The Division of Public Health Sciences, part of the Department of Surgery at the School of Medicine, is focused on improving the health and wellbeing of people and communities through educational outreach campaigns, professional talks and media appearances, and partnerships with community health organizations. Efforts from Politi and her fellow faculty in the division aim to reduce the spread of illness by increasing the spread of knowledge in the St. Louis region and beyond.
“St Louis in the 1918 influenza epidemic modeled excellent public health by minimizing big gatherings and taking the threat seriously,” Politi illustrates. “Other cities did not, held large gatherings and saw huge spikes in incidence and fatalities clustered together where it was much harder to respond and treat people effectively.
“Let’s show other communities that we can respond just as well today by listening to the experts’ advice and following good public health practices,” Politi says.
School of Medicine Researchers Work on Potential Coronavirus Vaccine
Sean Whelan, PhD, head of the Department of Molecular Microbiology, leads a lab that is developing a coronavirus vaccine candidate using a virus that infects livestock. Whelan studies how deadly viruses, such as Ebola and SARS, enter cells and multiply. Whelan’s method for developing a potential vaccine is similar to how the Ebola vaccine was created: researchers take a virus that is harmless to humans and replace a protein on its surface with the protein responsible for spreading COVID-19.
“We are replacing the coat of this virus with the coat of COVID-19,” Whelan explains on St. Louis Public Radio. Whelan and Steven J. Lawrence, MD, an associate professor of medicine in the Division of Infectious Diseases, spoke to St. Louis on the Air to inform listeners and answer audience questions about the virus and the possibility of a future vaccine.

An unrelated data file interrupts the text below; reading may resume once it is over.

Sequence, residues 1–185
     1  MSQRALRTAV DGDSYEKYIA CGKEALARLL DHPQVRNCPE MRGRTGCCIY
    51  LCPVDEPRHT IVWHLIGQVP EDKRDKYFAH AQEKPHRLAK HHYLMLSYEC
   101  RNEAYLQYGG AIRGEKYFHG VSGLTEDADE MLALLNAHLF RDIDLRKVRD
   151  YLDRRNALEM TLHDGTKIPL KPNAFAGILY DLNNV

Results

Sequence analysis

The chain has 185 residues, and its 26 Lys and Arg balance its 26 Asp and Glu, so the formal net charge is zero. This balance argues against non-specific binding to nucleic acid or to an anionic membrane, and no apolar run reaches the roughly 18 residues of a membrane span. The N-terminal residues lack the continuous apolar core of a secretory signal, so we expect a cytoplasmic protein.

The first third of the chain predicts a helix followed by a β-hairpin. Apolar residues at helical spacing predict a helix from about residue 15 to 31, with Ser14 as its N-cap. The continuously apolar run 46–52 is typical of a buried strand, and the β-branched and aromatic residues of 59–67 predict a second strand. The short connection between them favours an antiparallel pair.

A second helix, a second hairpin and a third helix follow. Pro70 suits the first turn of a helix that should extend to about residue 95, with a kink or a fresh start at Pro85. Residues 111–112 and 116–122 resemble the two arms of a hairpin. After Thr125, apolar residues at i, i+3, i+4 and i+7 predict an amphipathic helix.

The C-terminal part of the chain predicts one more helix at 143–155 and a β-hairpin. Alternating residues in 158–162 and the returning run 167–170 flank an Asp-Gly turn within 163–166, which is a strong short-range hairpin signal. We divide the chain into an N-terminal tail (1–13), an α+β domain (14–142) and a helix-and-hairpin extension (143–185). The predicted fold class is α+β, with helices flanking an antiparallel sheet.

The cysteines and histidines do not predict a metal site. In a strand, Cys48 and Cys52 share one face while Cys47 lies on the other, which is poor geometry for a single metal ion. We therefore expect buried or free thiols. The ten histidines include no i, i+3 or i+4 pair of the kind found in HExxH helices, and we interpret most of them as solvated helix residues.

“It’s still a long way to go,” Whelan says.
Developing a vaccine and advancing it to human trials is a process that can take months or years. Will it take too long to develop a vaccine, or will there be something available in time to help prevent the further spread of COVID-19? Whelan hopes that a vaccine will become available faster for COVID-19 than for some past viruses. He notes that there are many labs working on vaccine candidates, saying that one of these many efforts may lead to success.
Lawrence says that developing a vaccine is an important step in addressing COVID-19. Treatments, he explains, are useful for patients who are already infected. A vaccine is a better method of preventing the spread of a disease.
While researchers work on developing a vaccine, Lawrence encourages the public to follow good health practices. He especially emphasizes the necessity of thorough hand-washing.
One caller asked what type of soap is best to use when washing your hands.
“The key is to wash your hands for long enough periods of time,” Lawrence says. “It’s about 20 seconds or so. Rub your hands together, make sure you get all surfaces. The technique and attention are more important than the type of soap that’s used.”
Laurie Punch, MD, Associate Professor in the Acute and Critical Care Surgery Section, demonstrates proper hand-washing technique.
Another caller asked if it was true that young children are not at risk of infection from COVID-19.
“So far, from what we have seen, there is very little illness among young children,” Lawrence responds. “We do know that children can be infected. They can carry [COVID-19] and have either mild disease or be asymptomatic.”
The fact that some patients, especially children, can carry and spread the virus without showing symptoms reinforces the importance of developing a vaccine.
Washington University School of Medicine in St. Louis puts the health of the public and its campus community at paramount importance. By sharing expert knowledge, medical school faculty strive to inform the community and promote public health.
There are currently no known or suspected cases of COVID-19 on the Washington University Medical Campus. The first presumptive case of COVID-19 in the state of Missouri was identified March 7, in St. Louis County. This person had recently traveled to Italy, where there is widespread ongoing community transmission of COVID-19. The person is not a Washington University student or a member of the Washington University community.
The School of Medicine posts frequent COVID-19 updates to keep community members aware of the most current information available.
To help the St. Louis community stay up-to-date on news surrounding COVID-19, the St. Louis Post-Dispatch has made all of its coverage of the virus free to all readers.